Continue reading

A Conversation with Carmen Pretorius

Carmen Pretorius is a Naledi and Fleur du Cap nominated musical theatre and televison actress, qualified makeup artist and presenter. After getting her professional start by winning the televised High School Musical competition, she went on to star in notable productions including Mamma Mia, Footloose, Jersey Boys and most recently The Sound of Music, which sees her taking on the role of Maria. We sat down with Carmen, ahead of the final week of the production, to chat about her “metamorphic” journey with the show.

Continue reading

A Conversation with Sara Matchett

Sara Matchett is a director, theatre-maker and lecturer. She holds a PhD in Theatre and Performance from the University of Cape Town where she currently resides as a senior lecturer in the Department of Drama. As co-founder and Artistic Director of The MotherTongue Project, a women’s arts collective, Sara has experience in the field of theatre in South Africa, Singapore, India, Kenya and Indonesia as a theatre-maker, performer, director and facilitator. Her latest directorial endeavor, Womb of Fire, which reunites her with her “soul collaborator” and fellow MotherTongue Project co-founder, Rehane Abrahams, is now playing at the Baxter TheatreContinue reading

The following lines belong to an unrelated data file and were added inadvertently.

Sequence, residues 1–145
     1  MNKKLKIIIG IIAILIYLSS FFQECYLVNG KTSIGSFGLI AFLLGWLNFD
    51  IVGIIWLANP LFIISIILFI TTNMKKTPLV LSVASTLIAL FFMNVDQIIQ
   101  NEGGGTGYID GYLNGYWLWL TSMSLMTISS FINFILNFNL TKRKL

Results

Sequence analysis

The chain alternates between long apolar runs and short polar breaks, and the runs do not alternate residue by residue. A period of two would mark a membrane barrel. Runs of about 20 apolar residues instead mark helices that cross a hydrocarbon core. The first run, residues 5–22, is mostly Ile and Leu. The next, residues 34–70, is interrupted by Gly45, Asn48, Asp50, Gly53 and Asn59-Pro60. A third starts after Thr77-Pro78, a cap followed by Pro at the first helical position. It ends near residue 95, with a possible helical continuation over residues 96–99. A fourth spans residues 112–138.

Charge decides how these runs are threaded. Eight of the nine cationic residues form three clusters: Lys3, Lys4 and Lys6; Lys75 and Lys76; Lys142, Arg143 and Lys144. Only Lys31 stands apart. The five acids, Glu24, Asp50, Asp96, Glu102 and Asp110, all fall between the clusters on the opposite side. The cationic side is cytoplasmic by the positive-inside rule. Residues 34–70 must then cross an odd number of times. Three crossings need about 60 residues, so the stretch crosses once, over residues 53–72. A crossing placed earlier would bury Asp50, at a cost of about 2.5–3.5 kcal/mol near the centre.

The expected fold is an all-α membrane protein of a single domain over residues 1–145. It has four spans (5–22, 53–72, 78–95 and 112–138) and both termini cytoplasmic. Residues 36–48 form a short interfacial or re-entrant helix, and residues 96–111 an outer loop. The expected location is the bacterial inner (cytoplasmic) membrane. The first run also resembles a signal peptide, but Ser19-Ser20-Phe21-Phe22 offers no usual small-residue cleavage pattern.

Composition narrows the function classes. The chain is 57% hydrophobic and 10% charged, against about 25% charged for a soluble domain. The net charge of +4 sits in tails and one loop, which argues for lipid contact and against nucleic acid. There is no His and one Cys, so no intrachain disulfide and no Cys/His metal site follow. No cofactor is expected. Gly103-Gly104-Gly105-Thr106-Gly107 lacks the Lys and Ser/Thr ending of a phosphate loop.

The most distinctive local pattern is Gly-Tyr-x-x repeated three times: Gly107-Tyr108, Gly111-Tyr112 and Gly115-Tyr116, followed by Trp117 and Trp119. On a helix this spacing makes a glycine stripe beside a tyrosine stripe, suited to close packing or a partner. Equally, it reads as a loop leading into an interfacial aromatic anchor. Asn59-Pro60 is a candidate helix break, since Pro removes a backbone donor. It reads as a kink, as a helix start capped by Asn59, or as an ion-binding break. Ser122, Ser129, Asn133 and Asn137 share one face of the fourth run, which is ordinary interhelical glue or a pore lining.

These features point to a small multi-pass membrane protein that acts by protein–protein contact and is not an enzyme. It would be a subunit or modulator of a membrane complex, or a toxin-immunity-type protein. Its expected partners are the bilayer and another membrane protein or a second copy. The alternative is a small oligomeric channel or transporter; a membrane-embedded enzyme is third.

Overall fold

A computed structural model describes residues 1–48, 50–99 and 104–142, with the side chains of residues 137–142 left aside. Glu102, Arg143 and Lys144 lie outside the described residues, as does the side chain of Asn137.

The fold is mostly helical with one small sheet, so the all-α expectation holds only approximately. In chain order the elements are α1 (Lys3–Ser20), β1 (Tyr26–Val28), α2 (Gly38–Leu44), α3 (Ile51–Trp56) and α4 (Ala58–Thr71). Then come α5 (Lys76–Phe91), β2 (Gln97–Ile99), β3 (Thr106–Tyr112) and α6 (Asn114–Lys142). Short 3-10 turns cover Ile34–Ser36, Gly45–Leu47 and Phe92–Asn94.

A Conversation with Birrie le Roux

Birrie le Roux is an award-winning costume and production designer. In 2016 she was awarded a Fleur du Cap award for her costumes for Orpheus in Africa. During the last year she has designed costumes for theatrical hits such as District Six- KanalaClybourne ParkWest Side Story and Funny Girl to name a few. One cannot argue that Birrie’s costumes take on the role of an additional character on stage, they serve the plot, give context and always somehow manage to take your breath away. We sat down to chat about her full-circle journey back to her first love, theatre.  Continue reading

A Conversation with Esther Nasser